Light can influence people’s behavior. This enables you to make sure that people keep their distance. Or that people move on and do not remain standing still in the same place. The IGNITE student team at Eindhoven University of Technology (TU/e) is conducting research into this interaction between people and light.
This culminated last year in a large-scale illuminated artwork of cubes at the Glow light festival in Eindhoven. A monitor was located on both sides of the object. When two people put their hands over it at the same time, they created a light show. The modular work of art turned out to be so successful that the team at the time decided to keep working on it. They set up an independent foundation independent of the university under the name ‘Hyper Collective.’
IGNITE continued to exist as a student team, partly encouraged by the Intelligent Lighting Institute at TU/e in the Netherlands. Since September, the team is made up of ten new students from Industrial Design, Applied Physics and Psychology of Technology at the TU/e and Mechatronics from the Fontys University of Applied Sciences.
Maintaining distance has become very important as a result of the corona crisis. Light can play a role in this, says Tim de Jong, applied physics student and team leader of IGNITE. ” A project is currently underway within the Faculty of Applied Physics in collaboration with ProRail (a Dutch railway company, ed.) with the aim of studying crowds in railway stations.”
Transition to the consumer
There are a multitude of lighting technologies with all kinds of sensors and LED fixtures. But not all these technologies actually reach the consumer market, says De Jong. “The consumer has no idea what can be done with light. Sometimes the lighting industry fails to make the transition to consumer applications.”
IGNITE seeks to close the gap between the technical potential and how it can be applied within society, De Jong continues: “As a student team, we can occupy a unique position. It is easy for students to connect with companies, municipalities and research institutions. A student has no vested interest other than to learn how you can further advance the technology.”
The team wants to show what is achievable with a lighting setup during Glow 2021. With this, the team is exploring how light influences people’s state of mind. Lighting can provide a sense of security, says De Jong. “But a strongly-lit corridor with fluorescent lighting can also be experienced as extremely unpleasant. How you experience light depends on more factors than just its intensity. It’s about the time of day, for one thing. At night, you would not expect something to be completely brightly lit. But the color of light also plays a role. For example, white or blue light. Whether it is very direct and hard light, or soft, warm or cool. These are all factors that have an influence. People are not conscious of those influences.”
Not only is the unconscious interaction between people and light important to the student team. The lighting setup must also have an artistic value, De Jong adds. “The setup should be beautiful and wonderful to look at. For starters, it should not only convey a sense of security, but also be entertaining.”
It has not yet been decided what the team is going to build. In order to make a choice, the students held a ‘battle of concepts.’ “In pairs, we thought up ten concepts. And we dropped one of them each week, until the best three remained.” The only criteria for the concepts were: That there is interaction between people, it is beautiful to look at and it is suitable for groups.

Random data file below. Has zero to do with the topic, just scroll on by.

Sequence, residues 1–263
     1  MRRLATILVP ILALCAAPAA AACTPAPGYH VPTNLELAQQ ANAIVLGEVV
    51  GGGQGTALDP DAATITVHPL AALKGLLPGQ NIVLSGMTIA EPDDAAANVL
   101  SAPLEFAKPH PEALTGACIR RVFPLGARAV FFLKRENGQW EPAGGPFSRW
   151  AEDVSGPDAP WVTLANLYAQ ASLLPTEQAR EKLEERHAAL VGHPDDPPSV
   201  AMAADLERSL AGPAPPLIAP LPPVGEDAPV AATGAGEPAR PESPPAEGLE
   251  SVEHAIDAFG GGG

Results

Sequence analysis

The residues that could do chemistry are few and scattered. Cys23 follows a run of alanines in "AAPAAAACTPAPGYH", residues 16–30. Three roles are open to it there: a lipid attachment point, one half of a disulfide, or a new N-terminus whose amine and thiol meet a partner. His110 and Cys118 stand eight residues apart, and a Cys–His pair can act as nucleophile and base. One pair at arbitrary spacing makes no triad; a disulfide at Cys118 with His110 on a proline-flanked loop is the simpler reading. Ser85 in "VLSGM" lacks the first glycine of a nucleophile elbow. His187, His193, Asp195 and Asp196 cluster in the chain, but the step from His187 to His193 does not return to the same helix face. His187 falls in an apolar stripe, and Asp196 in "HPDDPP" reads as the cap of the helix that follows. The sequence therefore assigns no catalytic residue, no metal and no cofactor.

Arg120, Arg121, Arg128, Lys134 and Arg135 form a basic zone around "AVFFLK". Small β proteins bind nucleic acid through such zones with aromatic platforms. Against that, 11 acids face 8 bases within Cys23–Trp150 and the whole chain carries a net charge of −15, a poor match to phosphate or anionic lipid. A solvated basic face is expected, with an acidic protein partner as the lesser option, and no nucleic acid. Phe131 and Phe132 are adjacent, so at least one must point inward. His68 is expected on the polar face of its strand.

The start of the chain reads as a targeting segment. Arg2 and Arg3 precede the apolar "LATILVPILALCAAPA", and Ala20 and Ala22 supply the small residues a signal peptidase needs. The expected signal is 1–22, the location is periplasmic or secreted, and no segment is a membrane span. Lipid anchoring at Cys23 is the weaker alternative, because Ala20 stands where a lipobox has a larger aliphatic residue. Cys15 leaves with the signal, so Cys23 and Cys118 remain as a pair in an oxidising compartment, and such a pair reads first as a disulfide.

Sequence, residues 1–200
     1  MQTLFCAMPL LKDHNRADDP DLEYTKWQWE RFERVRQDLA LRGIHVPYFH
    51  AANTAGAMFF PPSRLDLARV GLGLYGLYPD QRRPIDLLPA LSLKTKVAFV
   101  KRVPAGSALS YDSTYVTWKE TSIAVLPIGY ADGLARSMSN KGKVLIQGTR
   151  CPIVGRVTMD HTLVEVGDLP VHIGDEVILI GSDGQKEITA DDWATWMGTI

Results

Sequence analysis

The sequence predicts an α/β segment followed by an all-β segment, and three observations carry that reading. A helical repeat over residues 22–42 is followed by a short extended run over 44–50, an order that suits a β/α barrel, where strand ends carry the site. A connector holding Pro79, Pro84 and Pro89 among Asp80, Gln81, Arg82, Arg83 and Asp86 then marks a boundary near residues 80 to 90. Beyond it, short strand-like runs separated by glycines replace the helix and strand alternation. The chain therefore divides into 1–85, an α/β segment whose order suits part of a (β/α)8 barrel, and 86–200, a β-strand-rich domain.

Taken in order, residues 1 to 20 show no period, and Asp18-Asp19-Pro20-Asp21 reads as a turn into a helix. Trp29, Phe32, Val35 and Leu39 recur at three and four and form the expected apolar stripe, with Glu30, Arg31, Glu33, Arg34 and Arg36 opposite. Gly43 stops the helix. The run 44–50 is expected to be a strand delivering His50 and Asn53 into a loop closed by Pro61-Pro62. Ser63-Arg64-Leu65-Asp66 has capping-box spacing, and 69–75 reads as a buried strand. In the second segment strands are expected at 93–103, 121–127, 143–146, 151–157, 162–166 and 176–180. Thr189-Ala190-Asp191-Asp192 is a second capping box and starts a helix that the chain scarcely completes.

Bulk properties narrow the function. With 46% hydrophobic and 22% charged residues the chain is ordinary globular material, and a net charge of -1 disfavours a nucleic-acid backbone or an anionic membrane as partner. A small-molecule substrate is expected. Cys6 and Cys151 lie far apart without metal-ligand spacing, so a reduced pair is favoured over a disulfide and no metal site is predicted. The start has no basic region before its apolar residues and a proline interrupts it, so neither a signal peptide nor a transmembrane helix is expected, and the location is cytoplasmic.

The team will share those best three concepts with “the world” on February 3rd, De Jong says. Then there will be a livestream event, “a kind of talk show.” The students are presenting their ideas in three videos and guest speakers will be featured as well. The students will make digital 3D models out of the concepts, which they will also display digitally. “For our event, we are inviting students and teachers, but also researchers, designers and other experts from the lighting sector as well as artists. We want to receive as much feedback as possible about our three concepts this way.” The team uses that feedback to choose a concept that they will further develop for Glow. “But it could, of course, be that it becomes something completely different. That depends on the feedback that we receive.”
Ultimately, the lighting setup at Glow is not the final goal, De Jong emphasizes. “We want to create a knowledge platform around how light can influence people’s behavior. We get that knowledge by, among other things, directly observing and measuring the reactions of visitors to Glow. And we demonstrate what is feasible. We want to share that knowledge with companies and researchers from the lighting industry,” De Jong explains. “So that they can use that in their products.”
For De Jong, IGNITE is a student team where he also gets to express his creativity. As a high school student, he was unsure whether he wanted to go to art school. It became a study of physics in the end. “Because I was the top of the class,” the student confesses. De Jong wants to combine both these passions. “Scientific modeling of people’s behavior and designing light in such a way that people experience it as pleasurable and beautiful.”
The Brainport region is therefore a perfect location for team IGNITE, as far as De Jong is concerned. “On the one hand, there is that highly innovative technical investment climate, and on the other, there is the creative side with, for example, the Design Academy Eindhoven. We have amazing creatives in Eindhoven. And a perfect podium for events such as Dutch Design Week, Dutch Technology Week, Glow and Eindhoven Makers Faire.”
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